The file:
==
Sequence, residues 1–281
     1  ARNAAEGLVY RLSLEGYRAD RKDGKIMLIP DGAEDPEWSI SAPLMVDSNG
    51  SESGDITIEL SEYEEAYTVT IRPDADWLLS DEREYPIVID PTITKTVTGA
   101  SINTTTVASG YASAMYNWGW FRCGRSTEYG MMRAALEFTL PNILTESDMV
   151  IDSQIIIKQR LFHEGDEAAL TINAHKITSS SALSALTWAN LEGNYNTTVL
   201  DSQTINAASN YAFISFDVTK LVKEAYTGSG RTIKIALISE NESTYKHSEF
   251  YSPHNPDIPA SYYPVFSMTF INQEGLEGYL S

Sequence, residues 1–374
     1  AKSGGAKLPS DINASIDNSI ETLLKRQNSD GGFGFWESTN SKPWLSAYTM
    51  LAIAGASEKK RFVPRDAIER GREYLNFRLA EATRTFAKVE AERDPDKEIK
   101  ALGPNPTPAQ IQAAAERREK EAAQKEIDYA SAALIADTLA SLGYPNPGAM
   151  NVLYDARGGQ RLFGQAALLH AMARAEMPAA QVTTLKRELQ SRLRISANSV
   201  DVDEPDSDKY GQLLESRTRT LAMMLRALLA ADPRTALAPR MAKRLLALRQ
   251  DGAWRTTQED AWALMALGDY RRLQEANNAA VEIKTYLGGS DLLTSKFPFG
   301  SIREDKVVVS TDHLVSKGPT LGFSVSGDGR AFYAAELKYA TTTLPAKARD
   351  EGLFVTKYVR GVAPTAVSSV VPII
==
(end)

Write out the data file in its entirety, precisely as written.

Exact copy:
Sequence, residues 1–281
     1  ARNAAEGLVY RLSLEGYRAD RKDGKIMLIP DGAEDPEWSI SAPLMVDSNG
    51  SESGDITIEL SEYEEAYTVT IRPDADWLLS DEREYPIVID PTITKTVTGA
   101  SINTTTVASG YASAMYNWGW FRCGRSTEYG MMRAALEFTL PNILTESDMV
   151  IDSQIIIKQR LFHEGDEAAL TINAHKITSS SALSALTWAN LEGNYNTTVL
   201  DSQTINAASN YAFISFDVTK LVKEAYTGSG RTIKIALISE NESTYKHSEF
   251  YSPHNPDIPA SYYPVFSMTF INQEGLEGYL S

Sequence, residues 1–374
     1  AKSGGAKLPS DINASIDNSI ETLLKRQNSD GGFGFWESTN SKPWLSAYTM
    51  LAIAGASEKK RFVPRDAIER GREYLNFRLA EATRTFAKVE AERDPDKEIK
   101  ALGPNPTPAQ IQAAAERREK EAAQKEIDYA SAALIADTLA SLGYPNPGAM
   151  NVLYDARGGQ RLFGQAALLH AMARAEMPAA QVTTLKRELQ SRLRISANSV
   201  DVDEPDSDKY GQLLESRTRT LAMMLRALLA ADPRTALAPR MAKRLLALRQ
   251  DGAWRTTQED AWALMALGDY RRLQEANNAA VEIKTYLGGS DLLTSKFPFG
   301  SIREDKVVVS TDHLVSKGPT LGFSVSGDGR AFYAAELKYA TTTLPAKARD
   351  EGLFVTKYVR GVAPTAVSSV VPII